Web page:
Workers are distracted by technology
On Happening Now on Fox News today, Dr. Gloria Mark at the Department of Informatics at the University of California at Irvine was interviewed about her new research that reveals the average American worker is interrupted every three minutes, and it may take as long as 23 minutes to get back on track. Dr. Mark said that with the proliferation of information today, and the unprecedented access people have to more people and information, the question is not how distracted we are, but how could we not be distracted?
We’ve written about Dr. Mark’s work previously, as she is well known for her research on digital distraction. Earlier this year, Dr. Mark took people off of email, and discovered that email obsession is not only unproductive, but actually has health implications, as the heart rate of a frequent email checker is in constant high alert mode, meaning it does not rest or increase like a normal heart should. Workers taken off of email were more productive and focused, with the implication being taken now that the same applies to social media.
Dr. Mark told Fox News that the distracting nature of social media is “an open question,” adding that “the thing we [do] know is that stress goes up as we multitask.” She noted that too much stress impacts productivity, and that while workers need some stress to keep them going at work, they shouldn’t be so stressed that their health is impacted.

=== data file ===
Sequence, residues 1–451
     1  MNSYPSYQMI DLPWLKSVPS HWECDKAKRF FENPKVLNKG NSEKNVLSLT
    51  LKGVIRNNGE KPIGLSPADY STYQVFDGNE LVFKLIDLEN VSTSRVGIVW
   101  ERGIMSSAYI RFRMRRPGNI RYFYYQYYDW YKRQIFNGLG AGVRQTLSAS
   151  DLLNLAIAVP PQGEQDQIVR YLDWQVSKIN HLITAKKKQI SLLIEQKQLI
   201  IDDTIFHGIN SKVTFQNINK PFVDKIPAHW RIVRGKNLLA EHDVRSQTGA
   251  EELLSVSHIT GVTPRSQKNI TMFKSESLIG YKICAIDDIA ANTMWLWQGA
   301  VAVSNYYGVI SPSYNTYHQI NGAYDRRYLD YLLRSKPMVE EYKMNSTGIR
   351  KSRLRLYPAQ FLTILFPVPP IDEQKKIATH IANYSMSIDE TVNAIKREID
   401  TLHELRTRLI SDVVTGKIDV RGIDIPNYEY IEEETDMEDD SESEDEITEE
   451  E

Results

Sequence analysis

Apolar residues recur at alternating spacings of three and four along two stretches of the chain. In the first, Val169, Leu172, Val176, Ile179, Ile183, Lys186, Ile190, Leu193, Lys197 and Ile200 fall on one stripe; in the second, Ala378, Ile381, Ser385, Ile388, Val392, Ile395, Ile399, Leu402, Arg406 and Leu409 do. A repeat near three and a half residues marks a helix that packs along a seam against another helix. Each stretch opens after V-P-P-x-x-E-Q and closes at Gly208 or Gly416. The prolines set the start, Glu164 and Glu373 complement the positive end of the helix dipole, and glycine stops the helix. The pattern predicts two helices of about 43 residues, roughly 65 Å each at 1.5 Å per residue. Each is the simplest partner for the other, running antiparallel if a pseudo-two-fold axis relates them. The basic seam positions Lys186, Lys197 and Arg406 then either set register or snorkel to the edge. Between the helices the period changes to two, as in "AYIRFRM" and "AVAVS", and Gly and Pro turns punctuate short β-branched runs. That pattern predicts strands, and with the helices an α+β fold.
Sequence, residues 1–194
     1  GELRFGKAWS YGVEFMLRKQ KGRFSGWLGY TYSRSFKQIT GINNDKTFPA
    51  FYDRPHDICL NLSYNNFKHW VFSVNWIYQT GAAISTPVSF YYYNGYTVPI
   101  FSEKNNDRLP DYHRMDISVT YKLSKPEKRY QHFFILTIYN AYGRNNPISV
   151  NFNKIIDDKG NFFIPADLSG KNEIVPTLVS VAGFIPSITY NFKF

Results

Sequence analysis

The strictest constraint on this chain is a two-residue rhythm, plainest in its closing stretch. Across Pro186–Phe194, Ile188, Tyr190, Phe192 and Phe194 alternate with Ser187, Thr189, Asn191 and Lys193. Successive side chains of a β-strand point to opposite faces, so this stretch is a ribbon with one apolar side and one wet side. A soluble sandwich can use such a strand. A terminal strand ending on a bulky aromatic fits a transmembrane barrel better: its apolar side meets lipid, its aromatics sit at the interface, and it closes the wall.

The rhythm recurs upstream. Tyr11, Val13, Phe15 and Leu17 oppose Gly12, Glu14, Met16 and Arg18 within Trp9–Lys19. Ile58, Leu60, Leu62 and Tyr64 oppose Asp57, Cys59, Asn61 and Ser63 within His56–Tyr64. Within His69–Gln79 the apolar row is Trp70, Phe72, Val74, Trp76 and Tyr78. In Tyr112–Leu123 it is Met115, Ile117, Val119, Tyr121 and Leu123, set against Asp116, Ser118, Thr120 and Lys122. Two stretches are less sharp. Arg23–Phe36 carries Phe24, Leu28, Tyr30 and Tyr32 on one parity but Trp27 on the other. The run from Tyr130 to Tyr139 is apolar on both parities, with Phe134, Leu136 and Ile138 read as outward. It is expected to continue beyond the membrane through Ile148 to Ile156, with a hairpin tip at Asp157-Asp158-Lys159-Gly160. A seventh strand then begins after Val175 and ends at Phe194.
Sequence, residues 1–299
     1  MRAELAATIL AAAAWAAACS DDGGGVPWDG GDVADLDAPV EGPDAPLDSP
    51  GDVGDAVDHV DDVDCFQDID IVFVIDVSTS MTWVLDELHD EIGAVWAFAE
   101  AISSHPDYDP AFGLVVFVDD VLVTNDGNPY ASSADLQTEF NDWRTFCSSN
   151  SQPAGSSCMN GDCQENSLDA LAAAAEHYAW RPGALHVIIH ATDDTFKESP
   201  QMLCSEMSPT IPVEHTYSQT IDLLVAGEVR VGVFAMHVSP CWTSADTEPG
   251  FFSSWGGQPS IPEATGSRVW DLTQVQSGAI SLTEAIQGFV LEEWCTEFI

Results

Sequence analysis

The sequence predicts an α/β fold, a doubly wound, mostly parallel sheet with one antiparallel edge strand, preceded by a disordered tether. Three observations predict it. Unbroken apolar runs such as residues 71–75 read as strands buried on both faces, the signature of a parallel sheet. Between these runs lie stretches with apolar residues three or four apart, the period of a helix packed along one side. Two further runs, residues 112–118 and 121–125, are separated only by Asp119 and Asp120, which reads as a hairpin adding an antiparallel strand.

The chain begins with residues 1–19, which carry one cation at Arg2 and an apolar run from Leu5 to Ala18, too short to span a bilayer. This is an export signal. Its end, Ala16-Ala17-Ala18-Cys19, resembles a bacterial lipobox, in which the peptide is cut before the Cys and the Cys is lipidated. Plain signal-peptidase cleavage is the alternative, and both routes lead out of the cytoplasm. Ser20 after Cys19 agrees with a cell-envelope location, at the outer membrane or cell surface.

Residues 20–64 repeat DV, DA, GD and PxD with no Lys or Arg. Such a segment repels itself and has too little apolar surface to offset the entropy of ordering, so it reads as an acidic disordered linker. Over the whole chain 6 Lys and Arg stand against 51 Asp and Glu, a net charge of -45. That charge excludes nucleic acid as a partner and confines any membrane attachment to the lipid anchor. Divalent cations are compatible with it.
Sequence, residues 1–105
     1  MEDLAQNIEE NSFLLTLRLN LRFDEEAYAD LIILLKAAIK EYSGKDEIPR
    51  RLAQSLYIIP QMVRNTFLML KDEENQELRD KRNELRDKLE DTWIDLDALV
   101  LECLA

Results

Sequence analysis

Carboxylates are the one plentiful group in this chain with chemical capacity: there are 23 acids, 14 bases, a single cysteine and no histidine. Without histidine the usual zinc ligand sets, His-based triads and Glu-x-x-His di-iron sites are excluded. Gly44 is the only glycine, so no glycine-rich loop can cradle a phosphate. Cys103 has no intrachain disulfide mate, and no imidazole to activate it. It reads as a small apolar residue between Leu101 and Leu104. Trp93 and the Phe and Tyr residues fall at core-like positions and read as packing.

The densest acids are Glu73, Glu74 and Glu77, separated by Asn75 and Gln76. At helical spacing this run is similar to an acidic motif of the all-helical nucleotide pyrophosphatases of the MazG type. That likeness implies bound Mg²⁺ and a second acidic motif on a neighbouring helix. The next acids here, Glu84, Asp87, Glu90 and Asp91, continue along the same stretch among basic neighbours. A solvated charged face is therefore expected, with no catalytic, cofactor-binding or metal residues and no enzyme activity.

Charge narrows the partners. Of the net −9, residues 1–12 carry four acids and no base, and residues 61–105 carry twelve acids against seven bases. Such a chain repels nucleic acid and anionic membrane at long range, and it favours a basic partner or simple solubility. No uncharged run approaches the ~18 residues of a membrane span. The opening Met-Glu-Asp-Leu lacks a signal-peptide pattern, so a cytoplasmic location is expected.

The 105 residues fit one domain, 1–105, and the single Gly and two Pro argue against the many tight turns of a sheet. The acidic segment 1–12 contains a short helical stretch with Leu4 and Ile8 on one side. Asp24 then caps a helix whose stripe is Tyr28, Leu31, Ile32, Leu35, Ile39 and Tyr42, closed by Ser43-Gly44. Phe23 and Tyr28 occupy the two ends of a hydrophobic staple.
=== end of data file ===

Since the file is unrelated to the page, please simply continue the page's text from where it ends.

How do we maintain sanity? Here’s the wrong answer:
Dr. Keith Ablow is a long time Fox News contributor and writes for Good Housekeeping and while he has an impressive background, his approach to Dr. Mark’s study proves he is out of touch with technology and modernity. Let’s break down his entire segment, point by point:
“Sooner or later, we’ll take holidays from technology,” taking designated hours, days, or weeks away from technology, as “this level of stress is only going to increase.”
He’s right, the level of stress is going to continue increasing as our culture adjusts, just as the introduction of cars stressed out drivers until user behavior and the technology reduced the stress levels. He is wrong, however in that “sooner or later” holidays will be taken, as many people years ago adopted a technology-free zone for weekends, or after dark, or refusing to take a smartphone on vacation or to relatives’ homes. Old news. Next?
Dr. Ablow continued, “The fictionalization of our lives wherein everybody thinks he or she is a reality tv show, posting (partially fictitious, by the way) Facebook profiles, tweeting about everything you do, like you’re a rockstar, which you’re not, and thinking that you’re so important that you better check the email every second while at work rather than getting any work done.”
Okay, breathe. First, if this is his impression of social networking and email use (aka technology), he obviously has a teenager he is basing his entire theory on. I have a teen as well, and yes, they are glued to their phone, and while I don’t believe my child is so self righteous they must post everything about herself, Dr. Ablow or his teen obviously does. Most businesses use social media now as what I would consider a traditional staple in their marketing arsenal, and the NASDAQ posting stock quotes, the Pope tweeting prayers, doctors live tweeting surgeries, and artists sharing their works on Facebook is far from “reality tv” behavior.
In response to the statement from the anchor, “but we don’t want to miss antything,” Dr. Ablow responded, “You know what? Benjamin Franklin, Thomas Jefferson, and Albert Einstein didn’t have email or tweeters, or whatever, Twitter, and they did just fine for us.”